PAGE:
Grass plants for clay soil
There are a range of glass plants well suited to heavy clay soils, including Miscanthus, Panicum, Pennisetum and Yucca. At Jackson’s Nurseries, we sit mainly on clay (in a part of the UK that was historically known for its pottery industry), making us well placed to advise on the best plants for clay soil and grow these varieties to thrive on clay in your own garden. Clay soil is made of very fine particles sitting closely together which prevent air and moisture from easily moving through the soil. This makes it ‘heavy’ and prone to waterlogging in winter and cracking in summer, but they’re also rich in nutrients and moisture retentive. We recommend conditioning clay soils by incorporating plenty of well-rotted, bulky organic matter such as compost, leaf mould or bark chippings, and some coarse grit if you find your ground lies wet for some of the year. If you’re unsure what type of ground you have, check out our article on understanding your soil for some simple tips to test soil type.
Miscanthus is a reliable grass best known for its fabulous displays of feathery, textured flowers that are held above the foliage in bright or subtle colours through summer and autumn. Perfect for adding structure, elegance and movement to the garden, they provide a beautiful display with a chameleon-like ability to adapt through the seasons and ask for very little work in return. Larger varieties are effective grown singly as a centre-piece or as a backdrop to purple-flowering plants, while smaller-growing varieties are well-suited to containers. Wispy Miscanthus can be planted behind benches to create a tranquil seating area where its foliage will gently rustle in the wind.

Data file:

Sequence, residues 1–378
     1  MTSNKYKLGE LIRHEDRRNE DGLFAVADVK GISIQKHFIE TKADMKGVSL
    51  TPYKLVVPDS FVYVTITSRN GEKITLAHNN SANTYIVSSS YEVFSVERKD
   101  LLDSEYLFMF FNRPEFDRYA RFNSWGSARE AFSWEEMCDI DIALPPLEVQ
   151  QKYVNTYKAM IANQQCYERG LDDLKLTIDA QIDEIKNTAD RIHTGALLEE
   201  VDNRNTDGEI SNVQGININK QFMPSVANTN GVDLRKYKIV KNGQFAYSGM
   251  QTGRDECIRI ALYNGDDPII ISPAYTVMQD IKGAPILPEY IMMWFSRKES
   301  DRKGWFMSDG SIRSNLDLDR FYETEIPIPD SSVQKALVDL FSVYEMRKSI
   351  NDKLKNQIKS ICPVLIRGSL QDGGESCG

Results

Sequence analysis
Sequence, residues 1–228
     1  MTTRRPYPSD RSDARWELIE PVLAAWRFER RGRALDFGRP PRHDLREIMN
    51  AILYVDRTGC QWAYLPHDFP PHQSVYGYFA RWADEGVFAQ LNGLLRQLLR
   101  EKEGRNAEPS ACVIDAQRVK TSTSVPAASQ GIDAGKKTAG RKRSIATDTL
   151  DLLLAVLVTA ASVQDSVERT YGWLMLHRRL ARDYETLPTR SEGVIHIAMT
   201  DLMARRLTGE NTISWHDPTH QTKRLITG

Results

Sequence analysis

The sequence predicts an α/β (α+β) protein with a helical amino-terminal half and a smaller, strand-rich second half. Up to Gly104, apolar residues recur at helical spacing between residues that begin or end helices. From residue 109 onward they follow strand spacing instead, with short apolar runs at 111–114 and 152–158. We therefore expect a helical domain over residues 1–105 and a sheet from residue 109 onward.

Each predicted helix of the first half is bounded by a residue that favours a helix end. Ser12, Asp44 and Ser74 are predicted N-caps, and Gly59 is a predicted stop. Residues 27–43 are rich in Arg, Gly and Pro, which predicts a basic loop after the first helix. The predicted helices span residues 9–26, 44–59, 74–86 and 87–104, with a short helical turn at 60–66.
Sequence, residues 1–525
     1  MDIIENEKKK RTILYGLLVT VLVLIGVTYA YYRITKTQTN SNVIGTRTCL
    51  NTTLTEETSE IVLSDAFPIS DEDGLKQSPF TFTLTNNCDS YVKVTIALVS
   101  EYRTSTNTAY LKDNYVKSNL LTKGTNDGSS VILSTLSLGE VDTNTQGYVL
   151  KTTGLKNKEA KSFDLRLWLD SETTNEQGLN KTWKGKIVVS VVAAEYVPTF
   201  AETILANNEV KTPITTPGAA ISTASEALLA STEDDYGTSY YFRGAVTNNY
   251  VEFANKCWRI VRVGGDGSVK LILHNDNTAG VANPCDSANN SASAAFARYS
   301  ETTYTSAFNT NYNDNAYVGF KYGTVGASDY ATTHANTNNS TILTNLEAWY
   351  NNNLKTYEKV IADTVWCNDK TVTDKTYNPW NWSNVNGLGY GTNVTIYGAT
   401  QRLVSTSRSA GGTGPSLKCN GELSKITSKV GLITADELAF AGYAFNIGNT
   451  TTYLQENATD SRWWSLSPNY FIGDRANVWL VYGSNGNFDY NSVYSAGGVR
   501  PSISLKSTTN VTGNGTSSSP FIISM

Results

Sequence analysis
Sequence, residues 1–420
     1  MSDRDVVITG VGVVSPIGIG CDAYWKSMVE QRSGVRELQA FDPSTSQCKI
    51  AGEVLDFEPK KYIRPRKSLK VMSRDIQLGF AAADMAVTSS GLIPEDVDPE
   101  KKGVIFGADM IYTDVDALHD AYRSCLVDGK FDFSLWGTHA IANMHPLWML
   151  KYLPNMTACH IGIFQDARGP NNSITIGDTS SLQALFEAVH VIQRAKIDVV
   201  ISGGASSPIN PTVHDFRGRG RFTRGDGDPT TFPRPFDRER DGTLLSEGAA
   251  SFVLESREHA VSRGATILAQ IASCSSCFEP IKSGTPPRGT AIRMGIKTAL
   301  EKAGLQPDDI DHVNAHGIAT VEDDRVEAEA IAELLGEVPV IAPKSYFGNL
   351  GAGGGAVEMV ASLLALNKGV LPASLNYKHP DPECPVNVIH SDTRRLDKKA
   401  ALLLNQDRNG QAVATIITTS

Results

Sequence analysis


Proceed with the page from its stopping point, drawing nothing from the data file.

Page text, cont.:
As sentinels of the south-western deserts, Yuccas are adaptive to wet clay soils with waxy, arching, sword-shaped foliage arranged in rosettes. Many have leaves with razor-sharp edges and spiny tips, earning them the common name Spanish dagger. In summer, they produce grand flowers held high above the foliage on tall stalks that emerge from the centre of the plant, sometimes 3 metres tall. Most produce white or cream flowers, sometimes with a purple or pink tinge. In the border, they're best combined with other plants that also prefer a dry soil, such as sedum, salvia, lavender plants, Euphorbia and black-eyed Susan.